The Man Comes Around
The Man Comes Around
Price: 6.79

6 of 7 people found the following review helpful
5.0 out of 5 stars It's not an album, it's an experience, 9 Mar 2007
This review is from: The Man Comes Around (Audio CD)
Part of Rick Rubin's (Producer of the American recordings) stratgey for re-leaunching Johnny Cash's career was to strip away everything that was not essential to what he was saying. In the same spirit, I'm not going to write more than a handful of words on this album. Besides, it doesn't need any more than that. Here we go then: This is a simply stunning set of recordings.


Black Knight: The Ritchie Blackmore Story
Black Knight: The Ritchie Blackmore Story
by Jerry Bloom
Edition: Hardcover

18 of 19 people found the following review helpful
5.0 out of 5 stars Good inside track, 15 Jan 2007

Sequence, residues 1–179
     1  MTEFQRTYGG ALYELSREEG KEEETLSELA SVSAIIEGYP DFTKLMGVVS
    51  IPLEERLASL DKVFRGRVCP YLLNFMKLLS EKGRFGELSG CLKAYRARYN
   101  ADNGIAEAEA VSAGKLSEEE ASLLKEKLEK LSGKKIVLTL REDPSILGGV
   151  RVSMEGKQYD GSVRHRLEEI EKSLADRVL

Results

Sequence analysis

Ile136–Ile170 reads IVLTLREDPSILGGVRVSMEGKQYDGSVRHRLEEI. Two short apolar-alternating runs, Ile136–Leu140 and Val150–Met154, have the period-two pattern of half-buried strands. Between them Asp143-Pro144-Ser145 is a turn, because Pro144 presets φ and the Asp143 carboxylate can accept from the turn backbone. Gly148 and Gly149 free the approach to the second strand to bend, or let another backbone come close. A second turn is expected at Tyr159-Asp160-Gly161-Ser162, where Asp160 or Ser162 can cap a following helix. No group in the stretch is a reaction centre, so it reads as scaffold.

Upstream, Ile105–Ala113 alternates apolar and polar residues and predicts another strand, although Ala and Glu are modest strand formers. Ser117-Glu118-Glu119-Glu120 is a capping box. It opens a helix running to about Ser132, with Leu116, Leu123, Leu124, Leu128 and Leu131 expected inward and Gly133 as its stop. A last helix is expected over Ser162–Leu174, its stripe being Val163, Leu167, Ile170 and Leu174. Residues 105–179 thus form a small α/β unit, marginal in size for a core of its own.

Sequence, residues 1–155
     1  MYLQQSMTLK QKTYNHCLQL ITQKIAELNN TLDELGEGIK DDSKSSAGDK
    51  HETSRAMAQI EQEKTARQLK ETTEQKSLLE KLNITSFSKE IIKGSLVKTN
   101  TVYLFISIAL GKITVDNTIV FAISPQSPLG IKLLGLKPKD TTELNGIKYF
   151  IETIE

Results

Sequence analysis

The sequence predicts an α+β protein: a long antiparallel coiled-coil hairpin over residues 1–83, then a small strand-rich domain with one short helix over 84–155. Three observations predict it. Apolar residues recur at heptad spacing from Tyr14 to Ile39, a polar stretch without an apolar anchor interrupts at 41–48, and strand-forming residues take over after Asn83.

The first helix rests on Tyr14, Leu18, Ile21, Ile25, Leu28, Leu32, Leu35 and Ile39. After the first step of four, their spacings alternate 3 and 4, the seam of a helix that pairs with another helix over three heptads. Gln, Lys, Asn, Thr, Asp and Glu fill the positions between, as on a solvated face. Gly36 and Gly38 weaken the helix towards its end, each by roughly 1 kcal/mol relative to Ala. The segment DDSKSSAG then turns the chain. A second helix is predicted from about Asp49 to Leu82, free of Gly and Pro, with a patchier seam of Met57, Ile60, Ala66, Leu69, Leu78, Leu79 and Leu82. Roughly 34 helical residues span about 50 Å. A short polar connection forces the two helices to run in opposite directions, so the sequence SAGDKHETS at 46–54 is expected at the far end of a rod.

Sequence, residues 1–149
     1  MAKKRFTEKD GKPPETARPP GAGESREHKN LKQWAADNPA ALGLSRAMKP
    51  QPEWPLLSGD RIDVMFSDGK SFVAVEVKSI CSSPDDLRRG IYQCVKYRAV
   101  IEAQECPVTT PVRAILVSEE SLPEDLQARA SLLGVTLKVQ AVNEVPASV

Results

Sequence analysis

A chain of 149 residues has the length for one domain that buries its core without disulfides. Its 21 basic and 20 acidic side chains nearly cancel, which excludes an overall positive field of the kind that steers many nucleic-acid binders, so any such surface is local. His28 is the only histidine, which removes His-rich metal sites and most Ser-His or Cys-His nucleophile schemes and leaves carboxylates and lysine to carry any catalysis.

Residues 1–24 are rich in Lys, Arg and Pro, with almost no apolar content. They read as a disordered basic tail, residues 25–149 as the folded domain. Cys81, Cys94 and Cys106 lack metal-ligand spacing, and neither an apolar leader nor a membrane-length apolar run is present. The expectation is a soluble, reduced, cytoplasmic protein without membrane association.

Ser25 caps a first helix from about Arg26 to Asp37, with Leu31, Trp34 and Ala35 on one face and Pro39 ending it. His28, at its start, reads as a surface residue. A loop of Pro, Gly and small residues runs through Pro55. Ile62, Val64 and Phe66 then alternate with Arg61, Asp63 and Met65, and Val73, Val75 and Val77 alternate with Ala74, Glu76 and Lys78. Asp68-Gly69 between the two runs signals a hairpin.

Blackmore is a notoriously secretive character and in "Black Knight" Jerry Bloom has done a good job of pulling together almost everything that is available in one way or another without formal input from TMIB himself. This includes a range of magazine reviews, a generous helping of personal stories from ex-band members, friends and management plus some of his own anecdotes as an acquaintance of Blackmore's. He suggests he is a friend of Blackmore's so clearly, if he values that friendship, which I'm sure he does, then what's in the book must be pretty reliable. The book is a balanced account of Blackmore's 50 odd years of making music. Each period is dealt with in equal detail. I for one found the early years covering his late teens and early twenties as engrossing as the more famous 1969-1981 period. All the ups and downs from the Rainbow years are well documented and often very funny. They include comments from many of those who didn't cut the mustard and got the bullet - some before they ever appeared on record. I don't think Bloom has fudged anything - most of what's there seems to stack up and cross-reference with other information available. Bloom is well informed as the editor of one of Blackmore's key fanzines for many years - so he avoids the obvious and well-ploughed narrative.